The plaintiffs in the case, 12 Nigerians, allege that Shell Oil aided and abetted the Nigerian government in committing horific violations of human rights against protesters of the company’s operations in that country in the 1990s. According to the several reports I’ve read about yesterday’s argument, Anthony Kennedy, author of the Citizens United opinion, said at the very outset that he agreed with Shell’s statement in its brief that international law does not recognize corporate liability. Case closed.
But Elena Kagan (not a personal favorite of mine, for reasons that I’ll leave for another post, but someone who does demonstrate the ability to recognize distinctions in procedural/jurisdictional law in response to Kennedy’s indications that he cannot, and who is not shy about showing it; this is the second time in about a year that Kagan has done that during an oral argument) pointed out that international law addresses the acts that violate universally accepted human rights, but is silent on who can be sued for committing those acts.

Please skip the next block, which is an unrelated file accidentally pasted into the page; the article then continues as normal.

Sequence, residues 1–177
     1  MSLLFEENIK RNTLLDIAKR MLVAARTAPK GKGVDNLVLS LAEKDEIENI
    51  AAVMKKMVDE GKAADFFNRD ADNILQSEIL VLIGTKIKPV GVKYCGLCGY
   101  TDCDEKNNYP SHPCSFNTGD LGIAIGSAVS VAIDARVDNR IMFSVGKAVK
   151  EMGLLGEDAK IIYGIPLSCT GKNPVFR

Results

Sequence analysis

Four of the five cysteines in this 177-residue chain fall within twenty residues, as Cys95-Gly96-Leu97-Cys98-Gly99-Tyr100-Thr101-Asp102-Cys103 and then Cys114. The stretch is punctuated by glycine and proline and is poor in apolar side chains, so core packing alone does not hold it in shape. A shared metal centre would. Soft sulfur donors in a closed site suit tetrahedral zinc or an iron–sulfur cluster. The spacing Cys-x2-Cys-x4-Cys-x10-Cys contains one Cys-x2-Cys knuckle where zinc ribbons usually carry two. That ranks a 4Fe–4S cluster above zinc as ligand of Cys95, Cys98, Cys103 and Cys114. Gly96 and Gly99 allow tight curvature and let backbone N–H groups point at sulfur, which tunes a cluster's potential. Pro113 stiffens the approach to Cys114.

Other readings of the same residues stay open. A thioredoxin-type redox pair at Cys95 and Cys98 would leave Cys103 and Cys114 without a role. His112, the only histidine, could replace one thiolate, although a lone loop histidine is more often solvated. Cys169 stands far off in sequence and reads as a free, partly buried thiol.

And Samuel Alito and Stephen Breyer agreed. “Let’s assume that the French ambassador is assaulted or attacked in some way in the United States, and that that attack is by a 10 corporate agents. Would we say that the corporation cannot be sued under the Alien Tort Statute?” Slate’s Dahlia Lithwick quotes Alito as asking Kathleen Sullivan, Shell’s lawyer. Who responded, “Yes, because there is no assaulting ambassador norm that applies to corporations.” Oh? Does the State Department’s Foreign Service know this?
Lithwick also quotes Sullivan as saying that “Nuremberg, if it established nothing else, established that it is individuals who are liable for human rights offenses.” She must be right that that’s what the Nuremberg trials established, since the Nuremberg prosecutors didn’t indict Volkswagen and try to have it executed.
Breyer suggested that pirates should incorporate themselves, under the name “Pirates, Inc.” A company in which I want to buy stock, if it ever goes public. Under international securities law. As established at Nuremberg.